What Does it Mean to Set Up a Marketplace?
An Ocean marketplace app is one of the primary ways that end users use the Ocean network. For example, a data scientist could use a marketplace app to see what data sets and data services (data assets) a marketplace has available. They can use the marketplace app to buy access to assets. Publishers make those data assets available.
Note: In the early days of the Ocean network, there won’t be many marketplaces or publishers, so marketplaces will often also act as publishers.
If you want to set up and run a marketplace in the Ocean network, then at a technical level, you must:
- Have Data Assets to offer in your marketplace.
- Get those data assets set up to work with Ocean Protocol.
- Develop a marketplace application (app).
- Run your marketplace app in production.
Prepare Data Assets
At the time of writing, the only kind of data assets supported by Ocean Protocol were datasets stored in Azure Storage. See the tutorial about setting up Azure Storage to work with Ocean Protocol.
Support for other kinds of data assets (e.g. storage in AWS, computing in Azure) is coming soon.
Develop a Marketplace App
At the time of writing, we recommend the following steps to develop a marketplace app:
- Do the React App Tutorial.
- Grow your app from there.
For inspiration, check out the source code for Pleuston, a demo marketplace app (also written using React). It has an Apache v2 open source license.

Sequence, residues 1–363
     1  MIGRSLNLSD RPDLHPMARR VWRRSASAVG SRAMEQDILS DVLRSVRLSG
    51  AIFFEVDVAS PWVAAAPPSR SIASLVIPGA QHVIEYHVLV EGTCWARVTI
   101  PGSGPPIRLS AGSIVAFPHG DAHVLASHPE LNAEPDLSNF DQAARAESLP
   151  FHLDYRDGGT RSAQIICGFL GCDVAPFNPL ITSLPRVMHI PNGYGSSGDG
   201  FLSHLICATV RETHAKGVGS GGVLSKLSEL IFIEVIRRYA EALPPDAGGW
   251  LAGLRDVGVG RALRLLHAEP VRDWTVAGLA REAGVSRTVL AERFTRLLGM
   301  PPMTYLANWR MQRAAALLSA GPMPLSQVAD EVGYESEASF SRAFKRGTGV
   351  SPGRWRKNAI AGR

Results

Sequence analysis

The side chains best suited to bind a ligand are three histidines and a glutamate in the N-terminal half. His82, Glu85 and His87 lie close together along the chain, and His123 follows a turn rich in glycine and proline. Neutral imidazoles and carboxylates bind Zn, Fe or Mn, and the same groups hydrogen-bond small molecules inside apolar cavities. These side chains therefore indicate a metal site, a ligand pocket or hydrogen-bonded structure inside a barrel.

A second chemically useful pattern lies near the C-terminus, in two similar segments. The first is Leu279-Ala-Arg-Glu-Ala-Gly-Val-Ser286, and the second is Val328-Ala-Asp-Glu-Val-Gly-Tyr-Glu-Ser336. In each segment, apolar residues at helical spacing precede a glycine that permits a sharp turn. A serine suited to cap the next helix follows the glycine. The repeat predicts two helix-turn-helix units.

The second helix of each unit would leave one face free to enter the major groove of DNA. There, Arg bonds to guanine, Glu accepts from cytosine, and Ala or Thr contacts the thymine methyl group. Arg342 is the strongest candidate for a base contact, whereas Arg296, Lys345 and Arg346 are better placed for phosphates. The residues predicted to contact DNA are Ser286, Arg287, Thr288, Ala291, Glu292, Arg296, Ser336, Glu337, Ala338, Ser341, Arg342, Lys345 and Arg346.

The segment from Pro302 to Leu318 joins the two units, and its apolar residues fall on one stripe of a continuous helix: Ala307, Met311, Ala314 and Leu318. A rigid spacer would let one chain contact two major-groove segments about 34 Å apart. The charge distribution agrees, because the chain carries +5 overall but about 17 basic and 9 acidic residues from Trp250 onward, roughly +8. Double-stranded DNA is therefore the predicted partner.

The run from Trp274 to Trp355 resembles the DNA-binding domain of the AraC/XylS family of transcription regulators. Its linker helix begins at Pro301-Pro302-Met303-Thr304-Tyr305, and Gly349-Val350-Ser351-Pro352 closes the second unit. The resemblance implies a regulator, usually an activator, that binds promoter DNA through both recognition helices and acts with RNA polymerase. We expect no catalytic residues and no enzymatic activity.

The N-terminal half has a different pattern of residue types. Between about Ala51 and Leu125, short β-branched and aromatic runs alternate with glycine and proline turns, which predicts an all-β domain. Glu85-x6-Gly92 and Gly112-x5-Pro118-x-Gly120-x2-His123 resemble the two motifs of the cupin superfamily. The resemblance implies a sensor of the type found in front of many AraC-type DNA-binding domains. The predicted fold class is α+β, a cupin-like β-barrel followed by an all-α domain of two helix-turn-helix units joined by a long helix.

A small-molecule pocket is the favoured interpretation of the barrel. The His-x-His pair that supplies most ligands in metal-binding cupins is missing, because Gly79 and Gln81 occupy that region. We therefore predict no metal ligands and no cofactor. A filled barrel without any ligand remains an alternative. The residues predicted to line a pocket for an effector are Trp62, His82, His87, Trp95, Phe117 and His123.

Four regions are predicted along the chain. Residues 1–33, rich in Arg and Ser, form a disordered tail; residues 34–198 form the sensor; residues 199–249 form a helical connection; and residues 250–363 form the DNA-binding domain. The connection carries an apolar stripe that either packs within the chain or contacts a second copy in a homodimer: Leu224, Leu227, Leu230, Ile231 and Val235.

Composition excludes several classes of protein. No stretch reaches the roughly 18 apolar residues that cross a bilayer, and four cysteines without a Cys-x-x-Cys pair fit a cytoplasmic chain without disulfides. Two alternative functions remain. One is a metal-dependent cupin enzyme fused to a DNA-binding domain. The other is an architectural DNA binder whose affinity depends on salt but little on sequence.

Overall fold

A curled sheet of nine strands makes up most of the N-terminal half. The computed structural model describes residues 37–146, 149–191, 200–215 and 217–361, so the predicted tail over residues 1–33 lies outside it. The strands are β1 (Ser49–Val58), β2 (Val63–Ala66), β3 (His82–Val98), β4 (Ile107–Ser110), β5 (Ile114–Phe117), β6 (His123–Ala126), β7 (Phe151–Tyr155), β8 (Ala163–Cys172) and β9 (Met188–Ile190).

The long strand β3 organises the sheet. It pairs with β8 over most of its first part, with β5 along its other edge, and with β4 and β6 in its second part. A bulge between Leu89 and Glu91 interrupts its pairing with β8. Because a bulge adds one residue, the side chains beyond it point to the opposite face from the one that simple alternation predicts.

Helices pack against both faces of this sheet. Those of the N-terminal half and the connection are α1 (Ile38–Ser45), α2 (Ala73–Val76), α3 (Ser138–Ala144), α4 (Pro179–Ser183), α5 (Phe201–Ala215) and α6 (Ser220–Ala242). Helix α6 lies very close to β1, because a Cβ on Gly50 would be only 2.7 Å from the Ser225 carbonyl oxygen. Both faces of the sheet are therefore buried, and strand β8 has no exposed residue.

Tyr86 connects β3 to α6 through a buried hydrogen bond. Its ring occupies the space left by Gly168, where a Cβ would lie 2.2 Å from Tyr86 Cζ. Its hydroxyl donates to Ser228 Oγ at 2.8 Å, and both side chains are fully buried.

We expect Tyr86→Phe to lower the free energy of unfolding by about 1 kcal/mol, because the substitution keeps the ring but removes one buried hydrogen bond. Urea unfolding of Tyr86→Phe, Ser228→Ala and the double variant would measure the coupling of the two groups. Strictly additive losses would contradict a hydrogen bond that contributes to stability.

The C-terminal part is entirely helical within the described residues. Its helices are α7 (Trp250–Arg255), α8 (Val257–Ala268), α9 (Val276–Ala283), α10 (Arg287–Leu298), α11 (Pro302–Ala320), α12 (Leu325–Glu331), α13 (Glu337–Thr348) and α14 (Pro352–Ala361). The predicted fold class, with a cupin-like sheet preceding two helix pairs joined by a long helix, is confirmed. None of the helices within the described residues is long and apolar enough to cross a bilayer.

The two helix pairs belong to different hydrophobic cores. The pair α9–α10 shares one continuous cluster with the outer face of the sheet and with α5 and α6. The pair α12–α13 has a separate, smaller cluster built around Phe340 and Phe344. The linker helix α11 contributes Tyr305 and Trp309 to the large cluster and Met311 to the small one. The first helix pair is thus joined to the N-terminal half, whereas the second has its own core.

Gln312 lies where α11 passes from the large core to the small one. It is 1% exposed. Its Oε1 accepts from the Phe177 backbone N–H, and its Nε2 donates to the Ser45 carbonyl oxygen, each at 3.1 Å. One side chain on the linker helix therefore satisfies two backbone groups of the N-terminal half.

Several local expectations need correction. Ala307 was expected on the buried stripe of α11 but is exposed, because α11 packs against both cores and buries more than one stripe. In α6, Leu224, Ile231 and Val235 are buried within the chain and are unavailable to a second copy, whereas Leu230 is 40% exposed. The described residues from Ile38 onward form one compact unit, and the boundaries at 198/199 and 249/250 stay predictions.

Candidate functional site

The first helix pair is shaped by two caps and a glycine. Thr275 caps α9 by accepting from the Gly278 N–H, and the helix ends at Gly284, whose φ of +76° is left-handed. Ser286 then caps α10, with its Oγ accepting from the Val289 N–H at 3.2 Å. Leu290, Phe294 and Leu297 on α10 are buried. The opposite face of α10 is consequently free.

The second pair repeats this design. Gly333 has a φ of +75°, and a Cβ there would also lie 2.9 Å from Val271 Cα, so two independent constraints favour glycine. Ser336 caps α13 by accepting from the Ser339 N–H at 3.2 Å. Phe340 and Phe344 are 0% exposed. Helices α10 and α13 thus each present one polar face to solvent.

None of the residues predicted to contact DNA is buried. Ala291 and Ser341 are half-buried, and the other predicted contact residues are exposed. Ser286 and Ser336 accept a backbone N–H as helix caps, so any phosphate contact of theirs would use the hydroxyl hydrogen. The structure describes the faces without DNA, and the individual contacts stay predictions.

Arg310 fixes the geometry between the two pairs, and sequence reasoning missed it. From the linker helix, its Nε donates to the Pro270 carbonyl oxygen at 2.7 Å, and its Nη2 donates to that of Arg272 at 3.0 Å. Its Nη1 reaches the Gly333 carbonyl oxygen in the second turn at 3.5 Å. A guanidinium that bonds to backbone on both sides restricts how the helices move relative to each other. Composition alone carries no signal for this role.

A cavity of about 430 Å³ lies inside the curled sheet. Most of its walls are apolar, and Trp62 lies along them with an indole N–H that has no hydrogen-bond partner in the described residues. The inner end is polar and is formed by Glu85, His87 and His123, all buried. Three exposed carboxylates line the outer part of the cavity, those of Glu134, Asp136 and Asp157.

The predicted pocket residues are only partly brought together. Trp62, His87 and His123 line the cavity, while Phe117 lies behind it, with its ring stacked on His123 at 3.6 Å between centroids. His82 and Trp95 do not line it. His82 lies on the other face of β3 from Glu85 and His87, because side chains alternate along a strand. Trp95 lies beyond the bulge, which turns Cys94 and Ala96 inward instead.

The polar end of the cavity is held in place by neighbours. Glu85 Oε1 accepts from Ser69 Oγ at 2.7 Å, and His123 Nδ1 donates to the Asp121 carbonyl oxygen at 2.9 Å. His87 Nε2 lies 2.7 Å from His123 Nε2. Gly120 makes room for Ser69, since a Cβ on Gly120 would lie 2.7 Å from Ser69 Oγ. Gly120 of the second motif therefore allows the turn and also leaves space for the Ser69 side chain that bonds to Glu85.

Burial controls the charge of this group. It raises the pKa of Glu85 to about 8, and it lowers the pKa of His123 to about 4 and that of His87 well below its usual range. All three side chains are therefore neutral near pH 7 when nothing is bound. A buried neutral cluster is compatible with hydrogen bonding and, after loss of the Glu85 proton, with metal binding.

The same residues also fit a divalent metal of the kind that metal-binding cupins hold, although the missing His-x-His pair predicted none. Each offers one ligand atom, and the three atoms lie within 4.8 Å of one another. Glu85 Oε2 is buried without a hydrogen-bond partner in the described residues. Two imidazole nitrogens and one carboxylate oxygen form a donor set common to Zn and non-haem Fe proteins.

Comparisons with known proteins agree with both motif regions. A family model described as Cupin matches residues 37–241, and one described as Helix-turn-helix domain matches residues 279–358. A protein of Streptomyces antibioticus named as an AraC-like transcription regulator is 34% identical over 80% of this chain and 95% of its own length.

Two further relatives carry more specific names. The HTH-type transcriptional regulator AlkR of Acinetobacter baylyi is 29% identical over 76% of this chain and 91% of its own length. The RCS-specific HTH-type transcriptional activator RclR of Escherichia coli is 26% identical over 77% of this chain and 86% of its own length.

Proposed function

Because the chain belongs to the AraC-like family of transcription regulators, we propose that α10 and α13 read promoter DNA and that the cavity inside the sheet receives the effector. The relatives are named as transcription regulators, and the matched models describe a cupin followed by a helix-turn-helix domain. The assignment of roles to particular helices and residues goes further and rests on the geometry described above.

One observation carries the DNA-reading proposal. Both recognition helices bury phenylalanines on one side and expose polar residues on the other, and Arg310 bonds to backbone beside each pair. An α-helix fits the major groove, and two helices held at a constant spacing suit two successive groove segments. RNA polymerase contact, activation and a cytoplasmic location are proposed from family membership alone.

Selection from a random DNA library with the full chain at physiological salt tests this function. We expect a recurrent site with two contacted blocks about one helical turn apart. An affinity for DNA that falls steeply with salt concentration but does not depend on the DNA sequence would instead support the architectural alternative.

Note that Pleuston is a “serverless” app: it runs entirely in the browser and has no server-side component.
Other Options for Developing a Marketplace App
There are many ways to create an Ocean marketplace app. For example, you could use one of the existing e-commerce platforms and frameworks (e.g. WooCommerce, Magento, Shopify). Or you could use a lower-level framework like Django or Vue.js. The main consideration is that you should probably use a programming language with an existing Squid library.
Note: There are examples of how to use squid-py in the Tutorials. squid-py is to Ocean like boto3 is to AWS.
Of course, you could always write your own Squid library in the language of your choice. A squid-java library is in development.
Run Your Marketplace App in Production
The Ocean Mainnet is slated to go live in March 2019.
Before running your marketplace app in production with the Ocean Mainnet, you may want to test it with an Ocean testnet. The Ocean testnets are similar to the Ocean Mainnet. The main difference is that there is less risk on the Ocean testnets.
Of course, there are many other things that must be handled for live production apps:
- Security of the infrastructure where the software is running
- Log aggregation, storage and search
- Handling crashes or other faults
Each of those is a big topic beyond the scope of these docs.